It is needless to emphasise the hardships that befell the people following the strike by the doctors organized by the 2, 90, 000-member Indian Medical Association (IMA) for a few hours against the National Medical Commission ( NMC) Bill introduced in the Lok Sabha the other day.
But the reason that prompted allopathic practitioners across the country to go for this last resort is not trivial or something to be ignored. IMA points out that there are several provisions that are capable of exacerbating the already fragile national health sector to the maximum. IMA alleges that the Bill which recommends the formation of a new National Medical Council replacing the Medical Council of India (MCI) formed in 1934, would pave way for the collapse of the medical sector. The provision in the Bill that the practitioners in the field of alternative medicine such as ayurveda, unani and homeopathy, could practice allopathy after attending a short-term course is what has invited much criticism. At the same time, the MBBS graduates will have to clear a national level exam again for becoming eligible for practice. Secretary General of the World Psychiatric Association and former vice president Dr Abraham Kallivayalil points out that the unscientific NMC Bill which is anti-people. The government can regulate the fee structure of only up to 40 per cent of the seats in private medical colleges; the managements have the complete right to fix the fee structure for the remaining 60 per cent. He opines this will make medical education in the country highly expensive. It is also noteworthy that even associations from non-allopathic medical streams, such as Indian Homoeopathic Association, have expressed their disagreement with the bill. The system by which those who study ayurveda, homeopathy or unani clear the short-term bridge course which follow an entirely different stream, i.e. allopathy, and conduct their practice in it, would land the patients in trouble by failing to do justice to either. Though the Bill introduced in the Lok Sabha has been for referred in the interim to the consideration of the Lok Sabha standing committee, the Speaker has directed the committee to submit its report before the budget conference of the parliament. Whether any crucial changes would be recommended in the controversial provisions remains to be seen.
At the same time, the circumstances leading to the introduction of such a bill is not to be overlooked. In the rural areas of the country, where about 70 per cent of the population live, the health sector continues to be in a pathetic condition even afer seven decades of independence. According to the registration figures of World Health Organization (WHO) and Government of India, the doctor patient ratio during 2007-13 was seven for every ten thousand people. But official statistics apart, internal sources tell that in actual fact it is only 4.8 doctors per 10,000. In order to ensure a ratio of one doctor every 1,000 people, 14, 76,000 doctors will be required in 2030. And to meet this need, from the year 2014 to 2030, the number of doctors has to increase by 120 per cent. The situation in 2014 was such that, there was a deficit of 57,950 doctors to satisfy the requirement as per the public health standards of India, i.e. one doctor for every primary health centre, and nine doctors including specialists in community health centres. In rural areas alone, the actual doctor-patient ratio is 1.2 for 10,000 patients. Even in Kerala, purportedly a model for all India, doctors are generally reluctant to work in the rural sector. If one reason for this is the phenomenon of almost every MBBS graduate chasing the limited seats for PG courses, the other deterrent factor is the heavy workload in primary health centres where they have to work single-handed.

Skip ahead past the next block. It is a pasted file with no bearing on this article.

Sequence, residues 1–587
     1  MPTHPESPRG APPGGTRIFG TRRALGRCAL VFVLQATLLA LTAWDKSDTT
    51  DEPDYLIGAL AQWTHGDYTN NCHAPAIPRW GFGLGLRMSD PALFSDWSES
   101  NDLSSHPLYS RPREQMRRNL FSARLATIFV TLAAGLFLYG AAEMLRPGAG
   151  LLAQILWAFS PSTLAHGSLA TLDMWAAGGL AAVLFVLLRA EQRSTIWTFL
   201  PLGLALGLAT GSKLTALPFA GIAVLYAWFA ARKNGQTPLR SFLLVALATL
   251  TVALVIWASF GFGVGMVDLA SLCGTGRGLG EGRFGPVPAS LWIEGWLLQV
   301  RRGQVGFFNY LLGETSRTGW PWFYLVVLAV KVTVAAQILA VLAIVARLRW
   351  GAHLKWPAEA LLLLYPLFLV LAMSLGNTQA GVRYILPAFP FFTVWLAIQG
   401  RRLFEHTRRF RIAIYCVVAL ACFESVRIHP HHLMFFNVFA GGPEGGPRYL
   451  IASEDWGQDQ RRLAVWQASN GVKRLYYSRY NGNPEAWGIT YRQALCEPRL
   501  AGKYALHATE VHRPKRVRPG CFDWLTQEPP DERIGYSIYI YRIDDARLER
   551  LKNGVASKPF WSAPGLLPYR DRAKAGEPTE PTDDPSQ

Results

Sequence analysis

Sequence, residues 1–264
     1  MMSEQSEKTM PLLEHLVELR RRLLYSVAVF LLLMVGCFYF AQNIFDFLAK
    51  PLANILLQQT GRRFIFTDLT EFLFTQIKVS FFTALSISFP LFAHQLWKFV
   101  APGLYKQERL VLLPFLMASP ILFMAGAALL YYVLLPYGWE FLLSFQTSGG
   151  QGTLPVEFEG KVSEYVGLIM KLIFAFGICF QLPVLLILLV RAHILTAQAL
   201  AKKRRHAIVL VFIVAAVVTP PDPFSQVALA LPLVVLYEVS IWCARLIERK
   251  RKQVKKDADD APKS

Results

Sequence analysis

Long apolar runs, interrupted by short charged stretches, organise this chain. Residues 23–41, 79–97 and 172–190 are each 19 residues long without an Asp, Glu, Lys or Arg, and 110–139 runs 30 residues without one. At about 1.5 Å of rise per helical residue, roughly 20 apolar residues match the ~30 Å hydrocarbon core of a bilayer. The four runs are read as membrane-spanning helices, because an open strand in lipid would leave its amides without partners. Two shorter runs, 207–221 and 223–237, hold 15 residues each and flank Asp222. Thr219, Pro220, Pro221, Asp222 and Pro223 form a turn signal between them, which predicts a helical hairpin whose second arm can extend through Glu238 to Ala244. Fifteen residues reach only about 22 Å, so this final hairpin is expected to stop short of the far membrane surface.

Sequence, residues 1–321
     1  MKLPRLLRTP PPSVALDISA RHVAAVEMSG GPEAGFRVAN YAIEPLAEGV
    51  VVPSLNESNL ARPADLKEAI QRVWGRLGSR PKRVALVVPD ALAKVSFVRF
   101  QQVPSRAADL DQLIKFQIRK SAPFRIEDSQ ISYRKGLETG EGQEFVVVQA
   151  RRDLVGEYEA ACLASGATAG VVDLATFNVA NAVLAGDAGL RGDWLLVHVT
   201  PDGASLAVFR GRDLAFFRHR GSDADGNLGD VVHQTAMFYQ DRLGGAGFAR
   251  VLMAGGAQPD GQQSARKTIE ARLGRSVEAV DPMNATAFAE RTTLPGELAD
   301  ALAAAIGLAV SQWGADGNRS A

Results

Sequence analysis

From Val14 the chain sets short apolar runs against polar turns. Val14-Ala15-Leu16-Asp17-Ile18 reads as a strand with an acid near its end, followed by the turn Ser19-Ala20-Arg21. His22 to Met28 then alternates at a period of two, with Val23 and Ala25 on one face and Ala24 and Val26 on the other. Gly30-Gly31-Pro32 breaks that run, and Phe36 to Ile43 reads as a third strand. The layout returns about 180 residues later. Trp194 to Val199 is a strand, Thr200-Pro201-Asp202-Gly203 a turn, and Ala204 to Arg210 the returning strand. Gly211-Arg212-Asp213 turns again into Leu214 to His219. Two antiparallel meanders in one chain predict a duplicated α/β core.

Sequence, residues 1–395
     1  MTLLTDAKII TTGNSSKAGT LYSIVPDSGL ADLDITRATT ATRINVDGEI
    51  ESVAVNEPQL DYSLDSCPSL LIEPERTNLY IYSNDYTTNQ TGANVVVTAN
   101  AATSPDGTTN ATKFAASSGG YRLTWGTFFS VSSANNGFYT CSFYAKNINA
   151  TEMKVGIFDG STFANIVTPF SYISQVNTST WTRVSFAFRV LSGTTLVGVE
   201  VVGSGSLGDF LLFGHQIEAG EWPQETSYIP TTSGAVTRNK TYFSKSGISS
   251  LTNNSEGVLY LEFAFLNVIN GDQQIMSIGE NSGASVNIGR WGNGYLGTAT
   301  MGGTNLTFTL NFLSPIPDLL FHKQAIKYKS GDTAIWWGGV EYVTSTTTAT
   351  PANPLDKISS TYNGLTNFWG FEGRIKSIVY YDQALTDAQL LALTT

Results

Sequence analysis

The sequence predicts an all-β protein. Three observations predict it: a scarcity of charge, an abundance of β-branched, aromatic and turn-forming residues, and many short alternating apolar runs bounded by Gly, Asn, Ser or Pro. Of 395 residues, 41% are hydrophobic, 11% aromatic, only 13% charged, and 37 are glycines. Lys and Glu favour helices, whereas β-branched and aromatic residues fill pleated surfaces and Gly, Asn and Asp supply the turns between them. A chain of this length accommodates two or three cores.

According statistics released by the Kerala Public Service Commission (PSC), in the last one and a half years, even after PSC sent advice memo of appointment for the post of Assistant Surgeon 16 times, out of 1981 candidates only 569 came forward to join service. If this is the state of affairs in Kerala, the less said the better about other states. In order to ameliorate this bad situation, in August 2014 a proposal of a three-year medical degree named BSc (Community Health) was mooted by the Central Government, but the government withdrew from it due to stiff opposition from the MCI, and IMA. Perhaps the plan envisaged in the new bill - of a short-term training programme in allopathic medicine for those from other streams of medicine – is an allotropic form of the shelved proposal. What both organizations opposing the new proposal, on strong reasons as they remain, should do is to put forward acceptable and feasible alternative plans. Mere opposition with a negative approach, whatever be the grounds, will not help a solution of the fundamental problem.